Descendants of William Sims dedicate pavilion

Published 9:24 am Monday, July 20, 2015

Sunday morning on a knoll overlooking a pond on land he bought in 1896, the descendants of William “Bill” Sims, former slave, Civil War veteran and farmer, dedicated a pavilion in his honor with prayer, hymns and gospel music as part of their annual reunion breakfast.

The dedication and breakfast were the final events of the two-day reunion that brought about 400 descendants to the Vicksburg area.

“This is going to be named the Freedom Pavilion,” said June Hardwick, a Jackson lawyer whose mother, Velma Sims Hardwick is a direct descendant.

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“We’ve been doing this, off and on, since 1982, and we started doing it every year in 2001 (on) the third week in July,” said descendant Bahati Sobukwe. “We have chapters in Houston, Texas, Chicago, Savannah, Ga., and Memphis, Tenn. We’ve been rotating between those chapters, whichever one wants to take it.”

The descendants pay annual dues and are incorporated as the Bill Sims Foundation, a nonprofit organization that does charitable work and presents two $250 scholarships annually to college students. This year the scholarships went to Ashton Sneed, a University of Southern Mississippi student, and Sydney Michelle Green, a student at Fisk University in Nashville, Tenn.

Sobukwe said the 10-acre property off Heather Lane is the remaining tract of the 100 acres Sims bought in 1896.

She said on May 24, 1941, 45 years after he bought the land, a quitclaim deed covering 90 of the acres was filed in the Warren County Courthouse. The names of three surviving children were typed on the deed without signatures or an X to indicate that they knew the land had been quitclaimed.

She said the family members use the property for activities and work to improve it.

“We have two ponds here. One is stocked with fish, and some of our family come fish every day,” she said. “Men come and clean the property 3 to 4 times a year. We envision building a deck on the pavilion, and we’re taking up pledges to bring electricity to the property.”

As Sobukwe described the property, family members sitting under the pavilion broke out in song as they prepared to dedicate the pavilion.

“It is an honor to pass this on to the next generation,” guest speaker evangelist Gracie Daniels said. “This goes on to the next generation to let them know how it was acquired with sweat and tears of those who went before them to get this land.”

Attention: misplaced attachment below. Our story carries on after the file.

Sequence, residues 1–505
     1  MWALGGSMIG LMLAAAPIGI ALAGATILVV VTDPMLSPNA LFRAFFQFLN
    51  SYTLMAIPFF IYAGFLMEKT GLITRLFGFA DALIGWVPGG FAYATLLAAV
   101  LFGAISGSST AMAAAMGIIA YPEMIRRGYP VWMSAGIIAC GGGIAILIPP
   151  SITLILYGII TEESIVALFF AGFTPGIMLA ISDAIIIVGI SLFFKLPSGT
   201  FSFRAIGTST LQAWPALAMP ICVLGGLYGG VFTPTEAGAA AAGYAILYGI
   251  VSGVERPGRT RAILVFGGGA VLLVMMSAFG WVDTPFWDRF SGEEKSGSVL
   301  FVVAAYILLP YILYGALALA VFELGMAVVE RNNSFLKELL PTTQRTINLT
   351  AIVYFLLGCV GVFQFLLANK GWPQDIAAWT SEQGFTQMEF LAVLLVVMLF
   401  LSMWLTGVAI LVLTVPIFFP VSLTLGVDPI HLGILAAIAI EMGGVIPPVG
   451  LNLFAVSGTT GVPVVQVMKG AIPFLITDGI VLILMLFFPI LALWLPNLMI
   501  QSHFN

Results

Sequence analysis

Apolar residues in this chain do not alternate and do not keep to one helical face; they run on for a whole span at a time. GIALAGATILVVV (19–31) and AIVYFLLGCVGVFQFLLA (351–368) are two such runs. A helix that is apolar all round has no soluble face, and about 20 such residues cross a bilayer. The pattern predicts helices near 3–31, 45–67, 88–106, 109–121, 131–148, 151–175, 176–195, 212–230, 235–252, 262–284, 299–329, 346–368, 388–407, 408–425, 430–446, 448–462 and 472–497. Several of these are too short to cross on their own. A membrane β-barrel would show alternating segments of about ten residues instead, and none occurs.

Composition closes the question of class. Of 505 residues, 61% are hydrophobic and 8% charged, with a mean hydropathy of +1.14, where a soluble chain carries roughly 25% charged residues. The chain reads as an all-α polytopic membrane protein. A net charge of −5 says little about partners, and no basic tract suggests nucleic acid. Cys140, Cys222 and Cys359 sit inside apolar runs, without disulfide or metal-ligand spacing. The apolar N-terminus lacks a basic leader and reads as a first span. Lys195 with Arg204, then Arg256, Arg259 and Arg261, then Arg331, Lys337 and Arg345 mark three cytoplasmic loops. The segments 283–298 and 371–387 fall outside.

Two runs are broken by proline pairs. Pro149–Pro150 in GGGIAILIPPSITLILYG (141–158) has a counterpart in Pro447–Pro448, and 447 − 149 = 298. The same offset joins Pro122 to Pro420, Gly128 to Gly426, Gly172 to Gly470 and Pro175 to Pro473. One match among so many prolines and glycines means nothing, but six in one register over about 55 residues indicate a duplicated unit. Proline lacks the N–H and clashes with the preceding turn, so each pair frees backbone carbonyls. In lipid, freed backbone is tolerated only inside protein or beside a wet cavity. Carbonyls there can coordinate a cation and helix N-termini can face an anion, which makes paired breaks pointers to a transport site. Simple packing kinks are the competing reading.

“We stand on the backs and shoulders of those who came before us and they are praying for us,” Hardwick said during the libation ceremony, a custom of pouring a liquid to honor their ancestors and others who have died.

“Bill Sims didn’t know how to read or write, but he embraced freedom and he also valued land,” she said. “That land is preserved in our family.”

Sims was born in 1839. He served with the 3rd U.S. Colored Calvary in the Union Army during the Civil War and fought at Miliken’s Bend.

He bought his property in the Freetown community and he and his wife Judie had seven children. He died in 1930.

Sobukwe said the participants in this year’s reunion came from across the country. One of those was Dorothy Pilate Peaches, a former Vicksburg resident who moved to Chicago in 1960.

“My mother’s side of the family has 160 acres on Oak Ridge Road, but I’m afraid I don’t know where it is,” she said. She said the family name came after the slaves were freed, and a relative declared the family would not take their owner’s name as was the custom at the time.

“He looked in the Bible and stopped on Pontius Pilate,” she said, adding she always wondered why he chose that name, “but then I remembered he (Pilate) washed his hands saying he could find “no guilt with this man (Jesus).”

“Vicksburg has changed so much, she said. Peaches said she was glad the property developed in honor of Sims.

“It’s fine. I think that is very good.”

About John Surratt

John Surratt is a graduate of Louisiana State University with a degree in general studies. He has worked as an editor, reporter and photographer for newspapers in Louisiana, Mississippi and Alabama. He has been a member of The Vicksburg Post staff since 2011 and covers city government. He and his wife attend St. Paul Catholic Church and he is a member of the Port City Kiwanis Club.

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